The organic pushers from the Environmental Working Group (EWG) claim,
“Stossel lied and threatened an entire industry by disseminating false and
damaging information.” The group has been calling for Stossel’s head and
getting a lot of press for the organic industry in the process. What is
EWG and what connection does it have to the people who brought you Alar?
The attack on Stossel certainly appears to be coming from PR mastermind
David Fenton of Fenton Communications, famous for introducing us to Alar
during a 60 Minutes interview. In a Washington Times interview after the
Alar scandal was discredited, Fenton said: “We designed [the Alar
Campaign] so that revenue would flow back to the Natural Resources Defense
Council [Fenton client] from the public, and we sold this book about
pesticides through a 900 number and the ‘Donahue Show.’ And to date there
has been $700,000 in net revenue from it.”
In a letter to his clients, Fenton added: "A modest investment repaid
itself many-fold in tremendous media exposure and substantial, immediate
revenue." Fenton said as a result of the Alar campaign, "Lines started
forming in health food stores. The sales of organic produce soared. All of
which we were very happy about."
The links to another Fenton attempt to boost organic sales couldn’t be
· EWG is a project of Tides Foundation/Tides Center.
· Arlie Schardt is Project Director for The Tides Center and also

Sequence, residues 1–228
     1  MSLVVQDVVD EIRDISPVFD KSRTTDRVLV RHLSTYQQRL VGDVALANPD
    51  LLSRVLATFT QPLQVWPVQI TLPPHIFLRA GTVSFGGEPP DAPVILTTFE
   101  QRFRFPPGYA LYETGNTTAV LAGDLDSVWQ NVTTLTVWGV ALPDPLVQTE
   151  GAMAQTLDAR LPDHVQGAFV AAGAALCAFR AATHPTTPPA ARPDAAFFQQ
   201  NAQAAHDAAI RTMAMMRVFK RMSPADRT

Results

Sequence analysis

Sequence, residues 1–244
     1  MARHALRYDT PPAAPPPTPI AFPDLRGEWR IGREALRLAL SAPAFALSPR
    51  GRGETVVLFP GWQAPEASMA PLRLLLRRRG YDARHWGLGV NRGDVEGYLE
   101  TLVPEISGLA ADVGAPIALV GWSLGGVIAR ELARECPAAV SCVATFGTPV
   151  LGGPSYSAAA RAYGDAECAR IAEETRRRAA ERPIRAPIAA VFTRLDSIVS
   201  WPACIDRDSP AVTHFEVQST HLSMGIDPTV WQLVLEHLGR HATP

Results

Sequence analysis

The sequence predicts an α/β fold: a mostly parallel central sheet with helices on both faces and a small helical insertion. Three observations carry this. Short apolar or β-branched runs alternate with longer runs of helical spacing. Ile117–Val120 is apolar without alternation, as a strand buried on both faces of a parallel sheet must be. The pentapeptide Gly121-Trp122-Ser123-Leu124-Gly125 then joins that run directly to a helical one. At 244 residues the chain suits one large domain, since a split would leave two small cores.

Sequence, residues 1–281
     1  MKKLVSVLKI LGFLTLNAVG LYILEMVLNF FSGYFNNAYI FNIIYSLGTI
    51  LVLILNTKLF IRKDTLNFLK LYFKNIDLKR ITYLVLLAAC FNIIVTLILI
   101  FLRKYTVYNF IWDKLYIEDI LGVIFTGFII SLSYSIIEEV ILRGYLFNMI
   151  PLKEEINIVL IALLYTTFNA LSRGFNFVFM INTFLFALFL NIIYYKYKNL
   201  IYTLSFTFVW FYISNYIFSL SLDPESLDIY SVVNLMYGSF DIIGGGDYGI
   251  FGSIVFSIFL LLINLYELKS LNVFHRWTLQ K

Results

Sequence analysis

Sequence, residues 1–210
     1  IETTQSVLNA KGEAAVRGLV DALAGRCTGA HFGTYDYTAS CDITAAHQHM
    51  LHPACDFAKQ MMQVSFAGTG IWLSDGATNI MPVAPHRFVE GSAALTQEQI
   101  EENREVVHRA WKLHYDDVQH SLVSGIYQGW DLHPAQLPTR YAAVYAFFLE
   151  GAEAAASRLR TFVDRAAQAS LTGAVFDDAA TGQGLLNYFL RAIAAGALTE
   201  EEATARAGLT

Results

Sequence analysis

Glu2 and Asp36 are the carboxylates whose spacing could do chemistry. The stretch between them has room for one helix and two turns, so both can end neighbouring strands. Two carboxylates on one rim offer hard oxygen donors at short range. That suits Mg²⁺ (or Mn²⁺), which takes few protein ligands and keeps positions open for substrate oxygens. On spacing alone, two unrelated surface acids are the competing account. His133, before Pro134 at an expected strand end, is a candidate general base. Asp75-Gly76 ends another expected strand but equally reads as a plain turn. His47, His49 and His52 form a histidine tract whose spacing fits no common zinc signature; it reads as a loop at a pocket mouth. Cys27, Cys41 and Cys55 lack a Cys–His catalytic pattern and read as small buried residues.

happens to be the head of Fenton Communications’ Environmental Media
Services (EMS and Fenton are housed in the same office!).
· The Tides Center earmarked over $975,700 for EMS in 1999 and more
than $400,000 for EWG in 1998.
· Fenton Communications did $169,920 of business for Tides in 1997.
For all of today's headlines -- plus a look at GCN's bright new format --
point your browser to www.nannyculture.com.
Date: Aug 21 2000 09:37:32 EDT
From: Andrew Apel
Subject: Is Extinction The Answer?
Numerous anti-biotech, pro-organic and environmental movements tout the
notion that the human race is the worst planetary disaster since a
meteorite wiped out the dinosaurs. Well, at least one activist group has
stumbled upon the "final solution" (Endloesung) to the "human problem:"
the Voluntary Human Extinction Movement. To learn more about a new way to
return Earth to a "natural" state, visit http://www.vhemt.org/.
Date: Aug 21 2000 10:20:48 EDT
From: "Bob MacGregor"
Subject: ELF, et al
In recent press releases, the ELF folks bragged about their destruction of
test crops and experimental trees (supposedly both GMOs). I have often
wondered why these folks, who claim to believe that all GMOs are evil and
deserving of destruction, haven't taken their show on the road, where the
_real_ GMO action is. There are millions of acres of Bt corn and cotton
and RR soybeans planted around the country. It seems strange that the
elves are content with destroying a few, symbolic acres of university
researcher corn (not always GMO, either!) when there vast fields of the
stuff just sitting there, unguarded all over the US midwest.
Although it may be strategically wise to take this tack, it shows lack of
ideological purity and zeal.
In a recent drive across this corn desert, I noted the milkweed plants
growing in the road right of way alongside the cornfields; I was struck
by the irony that I probably killed more monarch butterflies with my car
than all that Bt corn could do.
Subj: misinterpreting unique hazards
Date: Sat, 19 Aug 2000 4:36:57 PM Eastern Daylight Time
From: "Bob Bowden"
Quote from Henry I. Miller:
> "This point is essential because every other major analysis has found the